‘Final Supper’ in The Wellington Street Review

I was really happy to find out recently that a flash fiction of mine had been accepted for the launch issue of a new UK-based literary journal. The Wellington Street Review is unusual in that it specialises in ‘creative responses to the past’, inviting historically themed flash and short fiction, poetry and creative nonfiction.

Chop Suey, Edward Hopper, 1929

‘Final Supper’ is a rare foray into historical writing for me. A micro piece that originated in my writing group, it was prompted by the Edward Hopper painting Chop Suey (we meet in an art gallery, so art features largely as inspiration for our work). I tried to imagine what the relationship might be between the two women in the foreground. As with all of Hopper’s work, there’s something unsettling and lonely about the scene, with an amazing contrast of light and shade, particularly with regards the sumptuous reds and yellows of the restaurant’s façade, and the rather bleak darkness of the interior. The woman in green, meanwhile, is desperately pale, almost luminous – they are not discussing nail varnish.

My thanks to editors Annabel and Katherine for allowing me to be part of their first issue, and for being so professional and courteous to deal with. I hope the journal will go from strength to strength.

If you have historical-inspired fiction, poetry, essays or creative nonfiction, do consider sending it their way for future issues. The journal aims to be quarterly and will be accepting submissions from April 1 for issue two, which has a theme of ‘Pride’. Submission details can be found here.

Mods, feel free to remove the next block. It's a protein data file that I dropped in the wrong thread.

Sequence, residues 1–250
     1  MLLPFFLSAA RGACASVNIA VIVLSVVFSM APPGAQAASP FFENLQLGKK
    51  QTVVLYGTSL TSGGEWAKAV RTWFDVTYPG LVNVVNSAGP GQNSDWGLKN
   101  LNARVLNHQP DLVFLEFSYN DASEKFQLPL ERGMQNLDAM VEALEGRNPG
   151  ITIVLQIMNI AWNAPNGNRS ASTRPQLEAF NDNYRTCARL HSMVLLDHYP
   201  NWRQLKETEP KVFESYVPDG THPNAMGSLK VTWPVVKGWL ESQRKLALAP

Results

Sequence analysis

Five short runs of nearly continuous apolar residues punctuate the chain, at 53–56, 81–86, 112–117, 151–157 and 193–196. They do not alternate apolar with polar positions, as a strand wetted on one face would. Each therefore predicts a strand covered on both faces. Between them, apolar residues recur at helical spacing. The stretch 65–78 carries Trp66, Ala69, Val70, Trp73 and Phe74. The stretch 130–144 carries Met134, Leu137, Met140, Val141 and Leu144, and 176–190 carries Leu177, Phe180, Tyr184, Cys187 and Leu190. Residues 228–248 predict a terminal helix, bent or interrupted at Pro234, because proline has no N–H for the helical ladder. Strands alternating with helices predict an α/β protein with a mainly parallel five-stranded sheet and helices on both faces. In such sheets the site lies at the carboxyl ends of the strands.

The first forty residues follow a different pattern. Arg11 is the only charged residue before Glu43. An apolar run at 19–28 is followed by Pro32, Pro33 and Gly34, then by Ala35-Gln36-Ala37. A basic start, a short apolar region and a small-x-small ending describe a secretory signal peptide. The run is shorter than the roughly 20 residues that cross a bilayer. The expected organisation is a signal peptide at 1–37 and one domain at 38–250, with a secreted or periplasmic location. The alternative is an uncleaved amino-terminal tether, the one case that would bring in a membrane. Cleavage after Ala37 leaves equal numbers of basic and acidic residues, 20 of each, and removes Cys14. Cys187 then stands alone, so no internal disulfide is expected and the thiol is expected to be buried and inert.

Photos: Pixabay.com


2 thoughts on “‘Final Supper’ in The Wellington Street Review

  1. Great stuff, Anne, way to go. I love that picture (in fact I love all Hopper) and we have it in a triptych in our house. I’ve just finished Olivia Laing’s The Lonely City and she uses Hopper a lot in her book to explore loneliness and isolation in the city (you’re probably already aware of that, but just in case – she’s amazing). Tx

    Liked by 1 person

    1. Thanks, Tadhg. I’m not familiar with Olivia Laing, but I’ll certainly have a look for that. Someone also recommended Christine Dwyer Hickey’s book The Narrow Land, about Hopper and his wife. His paintings are rich pickings for writers!


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